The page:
Irony Alert: US Could Block Personal Data Transfers To Ireland, European Home Of Digital Giants, Because GDPR Is Not Being Enforced Properly
from the biter-bit dept
Last year, the EU’s top court threw out the Privacy Shield framework for transferring personal data between the EU and US. The court decided that the NSA’s surveillance practices meant that the personal data of EU citizens was not protected to the degree required by the GDPR when it was sent to the US. This was the second time that such an agreement had been struck down: before, there was Safe Harbor, which failed for similar reasons. The absence of a simple procedure for sending EU personal data to the US is bad news for companies that need to do this on a regular basis. No wonder, then, that the US and EU are trying to come up with a new legal framework to allow it, as this CNBC story notes:
Officials from the EU and U.S. are “intensifying negotiations” on a new pact for transatlantic data transfers, trying to solve the messy issue of personal information that is transferred between the two regions.
Even if they manage to come up with one, there’s no guarantee that it won’t be shot down yet again by the courts, unless the underlying issues of NSA surveillance are addressed in some way — no easy task. Meanwhile, there’s been a fascinating development on the US side, reported here by The Irish Times:
The US Senate is to debate a proposal to limit foreign countries’ access to US citizens’ personal data and to introduce a licence requirement for foreign companies that trade in this information.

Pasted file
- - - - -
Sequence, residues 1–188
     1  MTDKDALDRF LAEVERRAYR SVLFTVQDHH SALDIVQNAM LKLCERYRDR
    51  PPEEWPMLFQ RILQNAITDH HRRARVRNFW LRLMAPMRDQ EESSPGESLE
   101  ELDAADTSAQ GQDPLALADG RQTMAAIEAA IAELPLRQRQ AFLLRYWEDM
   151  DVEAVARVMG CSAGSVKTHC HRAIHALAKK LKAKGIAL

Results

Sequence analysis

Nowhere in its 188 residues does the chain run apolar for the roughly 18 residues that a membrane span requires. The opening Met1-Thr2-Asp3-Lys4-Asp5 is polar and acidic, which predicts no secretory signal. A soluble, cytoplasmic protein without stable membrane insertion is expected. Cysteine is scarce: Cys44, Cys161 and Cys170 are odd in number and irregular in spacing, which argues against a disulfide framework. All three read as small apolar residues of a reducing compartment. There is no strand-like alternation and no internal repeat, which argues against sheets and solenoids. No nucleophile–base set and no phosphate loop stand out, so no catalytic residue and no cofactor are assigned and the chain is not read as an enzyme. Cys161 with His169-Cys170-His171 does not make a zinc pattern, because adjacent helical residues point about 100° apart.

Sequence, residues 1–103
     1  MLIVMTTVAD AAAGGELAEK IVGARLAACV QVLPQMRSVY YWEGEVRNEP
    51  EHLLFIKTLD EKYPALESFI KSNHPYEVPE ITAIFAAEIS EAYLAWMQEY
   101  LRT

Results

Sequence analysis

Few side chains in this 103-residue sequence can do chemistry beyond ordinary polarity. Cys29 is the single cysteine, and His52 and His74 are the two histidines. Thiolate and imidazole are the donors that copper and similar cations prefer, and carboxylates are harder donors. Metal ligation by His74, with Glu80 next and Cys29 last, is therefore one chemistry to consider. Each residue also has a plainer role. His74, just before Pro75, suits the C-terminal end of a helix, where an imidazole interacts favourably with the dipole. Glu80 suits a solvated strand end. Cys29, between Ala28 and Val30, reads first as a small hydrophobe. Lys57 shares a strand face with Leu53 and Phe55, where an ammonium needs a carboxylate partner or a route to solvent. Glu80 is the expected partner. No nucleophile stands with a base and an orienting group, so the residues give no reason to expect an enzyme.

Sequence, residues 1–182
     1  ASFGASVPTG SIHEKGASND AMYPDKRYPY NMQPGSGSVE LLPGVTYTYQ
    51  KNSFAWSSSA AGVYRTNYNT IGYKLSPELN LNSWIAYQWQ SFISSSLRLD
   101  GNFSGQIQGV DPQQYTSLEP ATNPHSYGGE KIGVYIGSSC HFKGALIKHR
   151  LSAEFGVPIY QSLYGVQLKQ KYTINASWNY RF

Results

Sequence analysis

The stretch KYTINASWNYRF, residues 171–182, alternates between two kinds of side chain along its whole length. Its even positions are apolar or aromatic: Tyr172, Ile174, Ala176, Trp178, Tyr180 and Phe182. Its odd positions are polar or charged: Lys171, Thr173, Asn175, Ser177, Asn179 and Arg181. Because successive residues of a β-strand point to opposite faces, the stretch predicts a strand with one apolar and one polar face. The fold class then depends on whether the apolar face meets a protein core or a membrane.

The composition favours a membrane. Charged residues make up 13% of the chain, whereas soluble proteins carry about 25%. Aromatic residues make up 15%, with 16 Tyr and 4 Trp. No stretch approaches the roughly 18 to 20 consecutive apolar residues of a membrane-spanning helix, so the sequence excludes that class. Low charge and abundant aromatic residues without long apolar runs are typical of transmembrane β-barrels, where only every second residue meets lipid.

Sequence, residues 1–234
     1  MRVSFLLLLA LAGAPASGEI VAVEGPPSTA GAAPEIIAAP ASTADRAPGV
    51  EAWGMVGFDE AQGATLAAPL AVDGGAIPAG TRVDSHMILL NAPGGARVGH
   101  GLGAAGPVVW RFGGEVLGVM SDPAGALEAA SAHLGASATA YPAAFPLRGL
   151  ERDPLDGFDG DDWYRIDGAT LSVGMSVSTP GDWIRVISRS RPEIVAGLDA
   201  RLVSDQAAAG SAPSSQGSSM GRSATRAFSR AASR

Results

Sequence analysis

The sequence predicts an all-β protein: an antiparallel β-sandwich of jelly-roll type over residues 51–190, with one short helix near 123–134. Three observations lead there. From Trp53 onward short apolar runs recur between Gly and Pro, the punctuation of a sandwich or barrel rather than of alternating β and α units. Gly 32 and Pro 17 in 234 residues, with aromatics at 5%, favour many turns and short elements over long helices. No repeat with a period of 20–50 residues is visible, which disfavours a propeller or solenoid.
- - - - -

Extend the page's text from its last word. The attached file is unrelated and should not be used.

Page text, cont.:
The draft “Protecting Americans’ Data From Foreign Surveillance Act”, presented on Thursday by Democratic Senator Ron Wyden of Oregon, is aimed primarily at curbing the sale and theft of data by “shady data brokers” to “hostile” foreign governments such as China.
The law may be aimed primarily at China, but its reach is wide, and it could hit an unlikely target. As the Irish Council for Civil Liberties (ICCL) explains, the new Bill (pdf) aims to stop the personal data of US citizens being transferred to locations with inadequate data protection — just as the EU’s GDPR does. But according to the ICCL, one country that may fall into this category of dodgy data handling is Ireland:
ICCL understands from those who wrote the draft Bill that Ireland’s failure to enforce the GDPR is of particular concern. The Bill intentionally uses language from the GDPR, and targets this enforcement failure. The draft Bill makes clear that merely enacting strong data protection law such as the GDPR is not enough. That law must be enforced.
Most digital giants have their European headquarters in Ireland. Under the GDPR, it is Ireland’s Data Protection Commission (DPC) that must investigate and ultimately fine these companies for their GDPR infringements anywhere in the EU. The DPC has opened many data privacy inquiries (pdf), but has so far failed to impose serious fines. Without strict enforcement by the Irish authorities, there is a growing feeling that the GDPR could be fatally undermined. Hence the risk that the US might not allow personal data to be transferred to Ireland, if the new “Protecting Americans’ Data From Foreign Surveillance Act” becomes law. Given the long-standing concerns over the protection of personal data flows from the EU to the US, that would be a rather ironic turn of events.